Shit, Huntley Johnson would have had this matter wrapped up before breakfast, without a pesky hearing in front of a skeptical judge.  So much for the Gator Standard.  I tells ‘ya, there’s no way Corch would have tolerated this kind of sloppy criminal defense work.

Still, there is some good news for AR15.  He should be able to cover that fine amount in the near future.

The judge said she would reconsider whether to assess points against Richardson’s license if he submitted an essay, which Houston promised would happen within one week. Richardson – whose agent has been pursuing six- and seven-figure endorsement deals under new NCAA rules allowing athletes to earn money from their name, image and likeness – was given 60 days to pay the $349 fine.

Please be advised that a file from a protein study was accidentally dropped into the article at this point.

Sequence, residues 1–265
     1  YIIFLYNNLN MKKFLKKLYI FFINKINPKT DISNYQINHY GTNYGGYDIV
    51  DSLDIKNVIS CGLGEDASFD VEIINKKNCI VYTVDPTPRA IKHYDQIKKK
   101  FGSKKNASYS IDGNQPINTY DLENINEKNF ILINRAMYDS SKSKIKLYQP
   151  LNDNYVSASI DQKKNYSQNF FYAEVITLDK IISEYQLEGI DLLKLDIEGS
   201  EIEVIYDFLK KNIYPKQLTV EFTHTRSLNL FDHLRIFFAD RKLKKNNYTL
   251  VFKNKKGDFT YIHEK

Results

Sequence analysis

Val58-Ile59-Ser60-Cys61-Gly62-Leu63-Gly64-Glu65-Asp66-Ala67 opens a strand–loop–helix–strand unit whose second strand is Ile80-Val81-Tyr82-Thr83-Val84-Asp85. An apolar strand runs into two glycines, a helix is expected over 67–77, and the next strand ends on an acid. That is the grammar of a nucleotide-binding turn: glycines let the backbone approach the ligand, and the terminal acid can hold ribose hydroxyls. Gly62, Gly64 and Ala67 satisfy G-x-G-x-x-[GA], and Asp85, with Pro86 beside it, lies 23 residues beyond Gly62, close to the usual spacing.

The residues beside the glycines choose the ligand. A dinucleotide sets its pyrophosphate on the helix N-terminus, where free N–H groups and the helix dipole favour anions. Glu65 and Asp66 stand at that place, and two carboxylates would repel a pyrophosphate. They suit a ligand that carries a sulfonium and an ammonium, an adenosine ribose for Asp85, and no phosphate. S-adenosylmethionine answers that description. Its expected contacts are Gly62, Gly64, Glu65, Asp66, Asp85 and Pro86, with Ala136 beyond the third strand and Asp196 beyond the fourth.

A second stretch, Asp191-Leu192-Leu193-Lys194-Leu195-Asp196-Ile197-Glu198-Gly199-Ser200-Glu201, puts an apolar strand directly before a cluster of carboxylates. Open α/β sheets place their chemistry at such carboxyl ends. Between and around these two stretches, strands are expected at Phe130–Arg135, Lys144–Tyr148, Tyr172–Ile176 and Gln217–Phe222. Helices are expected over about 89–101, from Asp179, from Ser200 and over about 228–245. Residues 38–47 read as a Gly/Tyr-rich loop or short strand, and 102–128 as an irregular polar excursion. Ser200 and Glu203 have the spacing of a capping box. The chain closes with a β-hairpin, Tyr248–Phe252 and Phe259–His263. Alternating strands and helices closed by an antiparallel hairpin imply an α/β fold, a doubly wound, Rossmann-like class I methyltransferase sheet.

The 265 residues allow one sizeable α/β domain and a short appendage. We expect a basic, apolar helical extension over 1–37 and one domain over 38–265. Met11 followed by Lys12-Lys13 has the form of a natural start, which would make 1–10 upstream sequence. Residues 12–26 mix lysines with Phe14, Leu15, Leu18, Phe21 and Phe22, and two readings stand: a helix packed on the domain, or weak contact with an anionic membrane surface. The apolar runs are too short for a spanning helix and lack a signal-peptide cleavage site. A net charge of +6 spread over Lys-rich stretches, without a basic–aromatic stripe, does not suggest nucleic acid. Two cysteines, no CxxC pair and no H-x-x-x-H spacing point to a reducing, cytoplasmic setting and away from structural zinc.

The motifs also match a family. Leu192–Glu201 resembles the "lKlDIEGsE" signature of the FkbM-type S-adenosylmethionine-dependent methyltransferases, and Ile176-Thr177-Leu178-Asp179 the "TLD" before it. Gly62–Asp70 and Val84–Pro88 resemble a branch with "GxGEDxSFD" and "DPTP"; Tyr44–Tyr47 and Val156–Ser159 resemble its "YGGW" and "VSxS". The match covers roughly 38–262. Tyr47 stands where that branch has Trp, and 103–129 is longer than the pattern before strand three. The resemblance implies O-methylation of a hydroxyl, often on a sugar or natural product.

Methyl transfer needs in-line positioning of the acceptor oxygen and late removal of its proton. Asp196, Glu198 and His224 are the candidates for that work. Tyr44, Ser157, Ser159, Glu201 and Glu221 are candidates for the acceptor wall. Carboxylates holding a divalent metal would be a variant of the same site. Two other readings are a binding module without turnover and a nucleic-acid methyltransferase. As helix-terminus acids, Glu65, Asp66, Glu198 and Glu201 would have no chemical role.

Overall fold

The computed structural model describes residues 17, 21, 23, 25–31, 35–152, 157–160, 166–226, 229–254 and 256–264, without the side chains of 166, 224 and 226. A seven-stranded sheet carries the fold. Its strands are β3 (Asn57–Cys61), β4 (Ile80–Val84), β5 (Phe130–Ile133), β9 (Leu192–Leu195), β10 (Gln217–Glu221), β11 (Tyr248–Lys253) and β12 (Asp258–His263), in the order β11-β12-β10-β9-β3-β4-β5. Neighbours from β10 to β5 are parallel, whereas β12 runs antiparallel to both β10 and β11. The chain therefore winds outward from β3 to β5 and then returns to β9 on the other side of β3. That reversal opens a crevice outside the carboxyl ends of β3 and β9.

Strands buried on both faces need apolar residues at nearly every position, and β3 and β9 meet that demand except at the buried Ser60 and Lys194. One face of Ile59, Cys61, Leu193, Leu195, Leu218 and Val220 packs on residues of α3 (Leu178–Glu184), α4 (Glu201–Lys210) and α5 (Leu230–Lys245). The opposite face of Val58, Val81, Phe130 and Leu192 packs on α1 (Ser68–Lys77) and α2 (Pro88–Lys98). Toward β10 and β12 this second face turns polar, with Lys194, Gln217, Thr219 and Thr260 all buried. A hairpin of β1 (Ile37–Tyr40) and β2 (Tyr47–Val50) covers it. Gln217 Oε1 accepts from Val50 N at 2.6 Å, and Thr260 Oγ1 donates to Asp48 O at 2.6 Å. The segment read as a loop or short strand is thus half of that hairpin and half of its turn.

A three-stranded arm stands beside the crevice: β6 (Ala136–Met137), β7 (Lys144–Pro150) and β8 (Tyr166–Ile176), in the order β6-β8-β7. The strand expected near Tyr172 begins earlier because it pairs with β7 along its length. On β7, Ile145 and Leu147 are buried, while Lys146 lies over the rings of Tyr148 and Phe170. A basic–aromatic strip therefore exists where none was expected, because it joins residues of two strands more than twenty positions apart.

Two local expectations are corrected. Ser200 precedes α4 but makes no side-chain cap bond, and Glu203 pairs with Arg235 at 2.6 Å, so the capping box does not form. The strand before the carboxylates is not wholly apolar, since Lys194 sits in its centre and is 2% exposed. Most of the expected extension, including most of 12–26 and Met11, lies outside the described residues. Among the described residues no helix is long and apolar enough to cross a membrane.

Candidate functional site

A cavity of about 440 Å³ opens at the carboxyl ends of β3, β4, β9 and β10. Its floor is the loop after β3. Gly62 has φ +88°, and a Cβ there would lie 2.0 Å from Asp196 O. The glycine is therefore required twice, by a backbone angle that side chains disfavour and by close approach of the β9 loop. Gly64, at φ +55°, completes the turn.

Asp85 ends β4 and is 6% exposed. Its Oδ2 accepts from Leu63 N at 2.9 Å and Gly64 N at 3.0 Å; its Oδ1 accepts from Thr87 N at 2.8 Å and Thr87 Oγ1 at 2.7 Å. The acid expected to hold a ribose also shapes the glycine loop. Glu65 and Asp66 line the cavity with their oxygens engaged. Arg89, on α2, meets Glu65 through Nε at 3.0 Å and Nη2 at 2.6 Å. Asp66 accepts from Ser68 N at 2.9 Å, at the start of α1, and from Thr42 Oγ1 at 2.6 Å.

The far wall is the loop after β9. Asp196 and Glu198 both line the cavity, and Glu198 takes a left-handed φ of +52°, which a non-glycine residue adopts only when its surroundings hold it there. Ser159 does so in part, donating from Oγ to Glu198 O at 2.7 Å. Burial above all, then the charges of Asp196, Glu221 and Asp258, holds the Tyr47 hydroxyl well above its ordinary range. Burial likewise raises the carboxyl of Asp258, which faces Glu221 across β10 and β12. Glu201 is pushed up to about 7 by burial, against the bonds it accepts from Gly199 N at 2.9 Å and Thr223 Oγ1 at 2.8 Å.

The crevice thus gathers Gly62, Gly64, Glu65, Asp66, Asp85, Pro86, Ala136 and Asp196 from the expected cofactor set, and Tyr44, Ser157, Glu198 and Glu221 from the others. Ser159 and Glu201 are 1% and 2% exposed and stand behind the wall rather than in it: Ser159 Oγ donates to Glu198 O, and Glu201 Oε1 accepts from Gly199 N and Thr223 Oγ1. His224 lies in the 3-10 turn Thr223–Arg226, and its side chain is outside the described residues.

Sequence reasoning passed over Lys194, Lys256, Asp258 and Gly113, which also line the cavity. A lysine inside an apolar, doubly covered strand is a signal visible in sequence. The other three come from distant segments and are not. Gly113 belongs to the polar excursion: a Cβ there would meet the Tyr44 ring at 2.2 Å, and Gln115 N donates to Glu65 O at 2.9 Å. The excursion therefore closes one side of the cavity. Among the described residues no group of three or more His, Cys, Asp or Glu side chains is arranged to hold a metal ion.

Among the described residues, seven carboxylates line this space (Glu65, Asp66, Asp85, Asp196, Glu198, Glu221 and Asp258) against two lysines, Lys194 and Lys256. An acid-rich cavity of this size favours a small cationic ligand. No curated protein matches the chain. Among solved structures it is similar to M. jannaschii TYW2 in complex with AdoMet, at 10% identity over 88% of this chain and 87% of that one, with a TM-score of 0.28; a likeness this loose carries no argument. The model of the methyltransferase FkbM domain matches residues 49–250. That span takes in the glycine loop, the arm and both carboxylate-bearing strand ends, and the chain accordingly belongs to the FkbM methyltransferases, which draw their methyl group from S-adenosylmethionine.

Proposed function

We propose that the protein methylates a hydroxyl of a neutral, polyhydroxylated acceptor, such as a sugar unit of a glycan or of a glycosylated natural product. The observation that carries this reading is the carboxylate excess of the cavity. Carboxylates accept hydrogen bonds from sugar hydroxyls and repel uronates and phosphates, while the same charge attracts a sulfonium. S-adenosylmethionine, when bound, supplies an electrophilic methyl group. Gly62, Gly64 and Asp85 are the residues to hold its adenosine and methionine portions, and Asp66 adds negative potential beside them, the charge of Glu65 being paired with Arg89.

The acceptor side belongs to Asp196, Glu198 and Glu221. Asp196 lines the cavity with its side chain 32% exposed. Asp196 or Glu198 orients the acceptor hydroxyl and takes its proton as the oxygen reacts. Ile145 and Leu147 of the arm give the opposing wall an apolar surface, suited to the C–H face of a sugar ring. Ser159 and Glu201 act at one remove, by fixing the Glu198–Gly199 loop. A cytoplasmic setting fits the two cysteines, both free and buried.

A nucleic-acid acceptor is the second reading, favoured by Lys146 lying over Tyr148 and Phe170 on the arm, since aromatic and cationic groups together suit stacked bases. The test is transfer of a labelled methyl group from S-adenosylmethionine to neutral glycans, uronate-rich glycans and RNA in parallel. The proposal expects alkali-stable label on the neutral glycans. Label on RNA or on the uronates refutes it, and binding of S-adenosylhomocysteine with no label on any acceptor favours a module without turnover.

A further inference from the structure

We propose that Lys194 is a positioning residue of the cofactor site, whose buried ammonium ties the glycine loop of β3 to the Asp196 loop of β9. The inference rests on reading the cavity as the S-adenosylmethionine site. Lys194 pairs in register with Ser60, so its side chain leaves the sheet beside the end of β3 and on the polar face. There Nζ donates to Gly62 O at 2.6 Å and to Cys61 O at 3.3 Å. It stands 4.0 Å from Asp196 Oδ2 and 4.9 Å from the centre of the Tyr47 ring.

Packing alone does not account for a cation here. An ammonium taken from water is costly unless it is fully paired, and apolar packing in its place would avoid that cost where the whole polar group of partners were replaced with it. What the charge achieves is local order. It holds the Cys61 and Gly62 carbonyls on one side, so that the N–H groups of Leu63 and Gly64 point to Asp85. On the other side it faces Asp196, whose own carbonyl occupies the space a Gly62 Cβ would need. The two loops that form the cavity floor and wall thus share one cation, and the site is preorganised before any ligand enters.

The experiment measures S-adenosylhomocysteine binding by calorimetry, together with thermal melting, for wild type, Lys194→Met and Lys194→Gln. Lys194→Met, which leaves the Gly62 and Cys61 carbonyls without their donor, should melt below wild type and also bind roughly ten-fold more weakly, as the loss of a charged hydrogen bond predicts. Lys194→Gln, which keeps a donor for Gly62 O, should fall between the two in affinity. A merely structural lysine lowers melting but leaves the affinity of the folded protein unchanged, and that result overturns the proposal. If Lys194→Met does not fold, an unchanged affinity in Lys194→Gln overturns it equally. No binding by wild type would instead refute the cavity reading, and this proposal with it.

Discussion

NIL to the rescue!

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Filed under Crime and Punishment, Gators, Gators...

Justice, when it just means more

Somehow, this doesn’t surprise me in the slightest.

Probably just a coincidence… or maybe not.

The study showed that, during the week following an LSU upset loss, judges in Louisiana handed out significantly harsher sentences to juvenile defendants and being in a bad mood was identified as one of the primary reasons why.

“The reaction of judges to an upset loss cannot be attributed to decision fatigue of judges because the impact of an upset loss lasts for one work week. They are, however, consistent with the hypothesis that emotional stress of judges of the stress induced by their environment (their spouse, their friends, peers, and so on) after the unexpected loss is responsible for this outcome.”